The lawsuit, which Racine filed Aug. 22 in DC Superior Court, alleges Saylor fraudulently claimed for years to be a resident of low-tax jurisdictions while living in a 7,000-square-foot penthouse on the Georgetown waterfront. The complaint further alleges that MicroStrategy, despite knowing Saylor was a DC resident, conspired in the scheme “instead of accurately reporting his address to local and federal tax authorities and properly withholding district taxes.” . Saylor and MicroStrategy released statements Wednesday denying the lawsuit’s allegations.
The complaint alleges that Saylor purchased the Georgetown property in 2005 before purchasing two adjoining penthouse units, combining them into a single residence that Saylor calls “Trigate”, and also purchasing a penthouse unit from Adams Morgan. Beginning in 2012, according to the complaint, Saylor bought a house in Miami Beach, obtained a Florida driver’s license and registered to vote there while living primarily in DC. The lawsuit alleges he paid no income tax in DC between 2005 and 2021, despite social media posts over the years that indicate he lived in DC and considered it his home.
“Since at least 2012, Saylor has bragged to his confidants about his successful plan to create the illusion of Florida residency in order to evade the district’s personal income taxes,” the lawsuit reads. The lawsuit alleges that MicroStrategy encouraged the fraud through an agreement to list Saylor’s residence on federal tax forms as his home in Florida, despite knowing he lived in Washington, “actively assisting Saylor to avoid its obligation to pay the taxes due to the district”. (Florida has no personal income tax).
Saylor said in his statement that he bought the Miami Beach home ten years ago after moving from Virginia.
“Although MicroStrategy is based in Virginia, Florida is where I live, vote, and serve as a juror, and it’s central to my personal and family life,” he wrote. “I respectfully disagree with the District of Columbia’s position, and look forward to a fair resolution in court.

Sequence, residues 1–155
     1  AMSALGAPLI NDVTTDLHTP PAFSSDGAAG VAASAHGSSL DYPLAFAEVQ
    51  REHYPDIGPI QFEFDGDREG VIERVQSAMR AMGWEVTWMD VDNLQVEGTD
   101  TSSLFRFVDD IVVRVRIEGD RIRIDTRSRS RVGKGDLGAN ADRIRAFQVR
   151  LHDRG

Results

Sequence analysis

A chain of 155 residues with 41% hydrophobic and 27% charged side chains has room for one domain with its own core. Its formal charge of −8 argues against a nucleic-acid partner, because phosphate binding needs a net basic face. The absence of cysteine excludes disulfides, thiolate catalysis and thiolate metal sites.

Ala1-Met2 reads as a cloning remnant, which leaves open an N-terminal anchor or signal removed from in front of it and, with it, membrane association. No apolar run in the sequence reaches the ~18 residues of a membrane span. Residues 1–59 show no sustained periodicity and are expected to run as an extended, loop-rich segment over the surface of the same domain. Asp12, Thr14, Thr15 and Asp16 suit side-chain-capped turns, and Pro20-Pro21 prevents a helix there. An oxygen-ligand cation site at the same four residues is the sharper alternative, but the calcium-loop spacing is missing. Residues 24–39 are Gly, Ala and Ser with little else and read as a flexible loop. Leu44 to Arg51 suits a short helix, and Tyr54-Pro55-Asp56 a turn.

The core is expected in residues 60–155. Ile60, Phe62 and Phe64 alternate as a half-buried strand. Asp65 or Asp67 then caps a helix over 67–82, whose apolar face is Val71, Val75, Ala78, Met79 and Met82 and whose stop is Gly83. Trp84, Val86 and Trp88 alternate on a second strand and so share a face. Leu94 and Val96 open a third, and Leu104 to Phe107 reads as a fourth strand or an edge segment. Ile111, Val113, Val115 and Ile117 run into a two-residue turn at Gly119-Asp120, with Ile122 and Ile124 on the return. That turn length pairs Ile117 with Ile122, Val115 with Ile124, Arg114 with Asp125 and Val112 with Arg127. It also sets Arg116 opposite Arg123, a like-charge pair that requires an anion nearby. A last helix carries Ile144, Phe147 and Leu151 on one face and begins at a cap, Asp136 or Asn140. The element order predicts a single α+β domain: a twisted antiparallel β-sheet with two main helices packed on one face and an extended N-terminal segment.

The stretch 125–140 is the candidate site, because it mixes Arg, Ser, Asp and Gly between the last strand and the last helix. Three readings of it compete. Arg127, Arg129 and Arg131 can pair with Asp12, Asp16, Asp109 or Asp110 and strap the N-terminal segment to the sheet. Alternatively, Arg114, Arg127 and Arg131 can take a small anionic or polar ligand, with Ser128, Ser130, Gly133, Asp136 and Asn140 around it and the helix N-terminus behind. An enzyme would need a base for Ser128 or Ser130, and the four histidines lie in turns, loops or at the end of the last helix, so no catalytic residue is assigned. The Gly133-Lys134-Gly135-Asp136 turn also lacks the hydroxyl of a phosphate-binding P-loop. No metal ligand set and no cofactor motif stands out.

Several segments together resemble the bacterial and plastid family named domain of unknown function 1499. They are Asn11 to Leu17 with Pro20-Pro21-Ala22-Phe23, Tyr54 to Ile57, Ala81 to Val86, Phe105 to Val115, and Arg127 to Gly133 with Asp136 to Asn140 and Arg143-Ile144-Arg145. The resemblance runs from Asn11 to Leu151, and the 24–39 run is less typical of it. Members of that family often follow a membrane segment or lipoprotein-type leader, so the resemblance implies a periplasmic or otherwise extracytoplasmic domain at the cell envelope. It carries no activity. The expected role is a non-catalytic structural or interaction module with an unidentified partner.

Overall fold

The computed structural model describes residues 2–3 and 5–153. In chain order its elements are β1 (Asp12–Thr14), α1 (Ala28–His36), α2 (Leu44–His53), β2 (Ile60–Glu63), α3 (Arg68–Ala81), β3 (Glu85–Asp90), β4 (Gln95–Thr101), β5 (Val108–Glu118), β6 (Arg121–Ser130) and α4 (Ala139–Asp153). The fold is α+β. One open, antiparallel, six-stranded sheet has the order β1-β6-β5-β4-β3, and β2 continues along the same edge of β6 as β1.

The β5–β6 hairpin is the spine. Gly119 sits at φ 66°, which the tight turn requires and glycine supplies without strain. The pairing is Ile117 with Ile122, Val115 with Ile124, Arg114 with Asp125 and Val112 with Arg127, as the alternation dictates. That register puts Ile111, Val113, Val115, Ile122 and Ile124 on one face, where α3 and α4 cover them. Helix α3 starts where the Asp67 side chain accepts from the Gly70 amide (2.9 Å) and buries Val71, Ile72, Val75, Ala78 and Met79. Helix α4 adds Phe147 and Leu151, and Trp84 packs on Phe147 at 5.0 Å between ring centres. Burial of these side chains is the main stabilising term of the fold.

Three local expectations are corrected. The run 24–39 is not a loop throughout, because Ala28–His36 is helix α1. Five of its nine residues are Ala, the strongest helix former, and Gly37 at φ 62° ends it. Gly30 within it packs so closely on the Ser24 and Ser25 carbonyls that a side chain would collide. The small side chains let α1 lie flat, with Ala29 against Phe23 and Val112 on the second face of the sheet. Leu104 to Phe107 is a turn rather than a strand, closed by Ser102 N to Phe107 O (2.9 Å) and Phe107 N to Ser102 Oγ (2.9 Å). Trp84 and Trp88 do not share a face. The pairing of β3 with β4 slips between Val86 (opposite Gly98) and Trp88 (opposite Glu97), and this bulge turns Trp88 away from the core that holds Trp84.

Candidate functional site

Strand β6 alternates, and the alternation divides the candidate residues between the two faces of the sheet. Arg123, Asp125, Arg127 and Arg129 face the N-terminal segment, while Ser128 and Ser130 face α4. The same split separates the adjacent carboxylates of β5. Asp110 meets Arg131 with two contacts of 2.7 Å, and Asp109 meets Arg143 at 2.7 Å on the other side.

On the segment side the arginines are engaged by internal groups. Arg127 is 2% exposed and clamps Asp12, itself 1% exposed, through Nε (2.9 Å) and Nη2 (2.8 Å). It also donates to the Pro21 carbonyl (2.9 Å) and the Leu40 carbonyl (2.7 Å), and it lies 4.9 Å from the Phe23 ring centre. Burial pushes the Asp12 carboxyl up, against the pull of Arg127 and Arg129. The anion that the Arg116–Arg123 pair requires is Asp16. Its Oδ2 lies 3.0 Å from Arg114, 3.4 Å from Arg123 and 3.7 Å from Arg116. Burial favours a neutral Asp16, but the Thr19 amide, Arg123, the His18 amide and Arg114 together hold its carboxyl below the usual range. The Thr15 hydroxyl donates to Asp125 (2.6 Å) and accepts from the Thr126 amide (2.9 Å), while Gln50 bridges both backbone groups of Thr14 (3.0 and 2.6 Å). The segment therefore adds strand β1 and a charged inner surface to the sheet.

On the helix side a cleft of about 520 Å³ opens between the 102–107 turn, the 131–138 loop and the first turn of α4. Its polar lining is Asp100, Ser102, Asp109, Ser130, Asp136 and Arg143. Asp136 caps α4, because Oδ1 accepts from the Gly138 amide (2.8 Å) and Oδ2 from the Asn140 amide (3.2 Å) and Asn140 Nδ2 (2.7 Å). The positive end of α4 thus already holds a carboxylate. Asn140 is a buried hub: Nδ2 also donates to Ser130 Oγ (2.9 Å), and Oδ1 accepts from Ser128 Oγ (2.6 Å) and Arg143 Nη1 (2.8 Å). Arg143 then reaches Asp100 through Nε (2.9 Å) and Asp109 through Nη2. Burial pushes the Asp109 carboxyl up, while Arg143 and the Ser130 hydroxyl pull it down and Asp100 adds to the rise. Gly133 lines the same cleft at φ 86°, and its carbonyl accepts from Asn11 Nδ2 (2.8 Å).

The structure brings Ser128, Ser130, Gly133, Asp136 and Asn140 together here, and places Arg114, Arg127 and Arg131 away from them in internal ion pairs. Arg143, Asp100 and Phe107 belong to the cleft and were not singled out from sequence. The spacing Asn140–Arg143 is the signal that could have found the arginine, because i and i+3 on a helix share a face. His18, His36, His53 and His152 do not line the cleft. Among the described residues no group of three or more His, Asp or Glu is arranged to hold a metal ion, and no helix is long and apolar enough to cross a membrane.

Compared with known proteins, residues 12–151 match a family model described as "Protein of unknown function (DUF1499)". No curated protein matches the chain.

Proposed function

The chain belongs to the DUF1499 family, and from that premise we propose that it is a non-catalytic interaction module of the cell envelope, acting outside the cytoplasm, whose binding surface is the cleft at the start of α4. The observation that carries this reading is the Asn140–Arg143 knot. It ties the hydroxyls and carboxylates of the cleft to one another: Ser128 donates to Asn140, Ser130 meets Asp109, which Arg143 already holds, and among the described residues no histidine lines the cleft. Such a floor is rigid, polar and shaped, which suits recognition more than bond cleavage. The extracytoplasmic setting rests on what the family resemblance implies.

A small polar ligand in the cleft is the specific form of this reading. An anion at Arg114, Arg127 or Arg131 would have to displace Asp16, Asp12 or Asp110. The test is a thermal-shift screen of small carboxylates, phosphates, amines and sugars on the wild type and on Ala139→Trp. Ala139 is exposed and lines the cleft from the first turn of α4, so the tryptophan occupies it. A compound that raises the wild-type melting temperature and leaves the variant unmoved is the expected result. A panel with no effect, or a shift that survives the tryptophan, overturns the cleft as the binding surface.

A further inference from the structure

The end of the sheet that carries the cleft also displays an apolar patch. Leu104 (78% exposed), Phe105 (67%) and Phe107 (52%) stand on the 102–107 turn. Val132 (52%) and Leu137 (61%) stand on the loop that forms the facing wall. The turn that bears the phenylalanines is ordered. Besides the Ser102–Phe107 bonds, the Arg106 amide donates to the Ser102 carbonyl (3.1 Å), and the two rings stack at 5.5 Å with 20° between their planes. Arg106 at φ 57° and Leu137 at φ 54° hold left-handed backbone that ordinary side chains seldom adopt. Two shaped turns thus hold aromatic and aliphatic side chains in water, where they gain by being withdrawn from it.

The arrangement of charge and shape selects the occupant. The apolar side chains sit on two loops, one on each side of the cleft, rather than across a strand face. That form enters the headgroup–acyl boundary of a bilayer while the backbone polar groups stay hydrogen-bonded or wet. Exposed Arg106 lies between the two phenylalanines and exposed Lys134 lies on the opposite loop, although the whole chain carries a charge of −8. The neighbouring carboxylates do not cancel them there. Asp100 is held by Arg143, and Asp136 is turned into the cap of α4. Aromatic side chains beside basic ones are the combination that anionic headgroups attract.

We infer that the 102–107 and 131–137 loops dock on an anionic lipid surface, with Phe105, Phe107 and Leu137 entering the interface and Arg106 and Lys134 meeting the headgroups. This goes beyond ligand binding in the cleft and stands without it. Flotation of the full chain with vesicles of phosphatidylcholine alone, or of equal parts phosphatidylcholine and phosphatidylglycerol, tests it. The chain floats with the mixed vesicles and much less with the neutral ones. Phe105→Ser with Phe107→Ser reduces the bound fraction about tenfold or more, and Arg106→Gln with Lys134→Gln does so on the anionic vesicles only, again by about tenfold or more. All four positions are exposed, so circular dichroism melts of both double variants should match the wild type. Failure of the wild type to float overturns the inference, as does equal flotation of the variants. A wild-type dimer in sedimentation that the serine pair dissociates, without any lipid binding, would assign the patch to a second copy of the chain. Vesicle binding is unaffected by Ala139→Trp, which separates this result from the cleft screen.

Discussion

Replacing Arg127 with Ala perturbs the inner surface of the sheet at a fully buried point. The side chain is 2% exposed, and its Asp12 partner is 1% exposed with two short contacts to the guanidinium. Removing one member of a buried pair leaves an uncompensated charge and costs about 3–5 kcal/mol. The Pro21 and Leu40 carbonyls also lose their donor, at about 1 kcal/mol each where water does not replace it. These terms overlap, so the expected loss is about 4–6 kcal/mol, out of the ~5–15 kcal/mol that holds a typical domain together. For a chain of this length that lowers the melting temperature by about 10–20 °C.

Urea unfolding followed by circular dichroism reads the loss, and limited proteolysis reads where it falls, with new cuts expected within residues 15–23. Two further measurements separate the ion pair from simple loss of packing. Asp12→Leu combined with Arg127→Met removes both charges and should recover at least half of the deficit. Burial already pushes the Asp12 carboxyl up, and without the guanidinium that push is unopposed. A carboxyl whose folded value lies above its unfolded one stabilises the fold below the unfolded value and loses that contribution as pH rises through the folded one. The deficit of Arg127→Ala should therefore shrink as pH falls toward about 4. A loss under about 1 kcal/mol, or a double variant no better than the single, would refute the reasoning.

Saylor founded MicroStrategy in 1998 and served as its CEO until earlier this month, when the publicly traded company announced he would take on a new role as executive chairman. In an Aug. 2 press release announcing the leadership change, MicroStrategy said Saylor would also remain chairman of its board.
MicroStrategy, in its own statement, denied the allegations and pledged to “aggressively defend against this overreach”.
“The case is a personal tax matter involving Mr. Saylor,” the statement said. “The company was not responsible for its day-to-day affairs and did not oversee its individual tax responsibilities. Nor did the company conspire with Mr. Saylor in the exercise of his personal tax responsibilities.
Racine’s office said the lawsuit was filed under the city’s recently expanded misrepresentation law, which the DC Council amended last year to include tax-related issues, and urges whistleblowers identify tax evasion. Racine said the law also allows the court to impose a penalty of up to three times the amount of taxes evaded, and that between unpaid income taxes and other penalties his office seeks to recover from Saylor and MicroStrategy, damages in the case could be more than $100 million.
The lawsuit builds on a similar lawsuit filed against Saylor by whistleblowers in DC Superior Court last year, which was unsealed on Wednesday. Racine’s office said it independently investigated the tax evasion allegations and intervened in the whistleblower’s complaint, filing its own lawsuit against Saylor and MicroStrategy.
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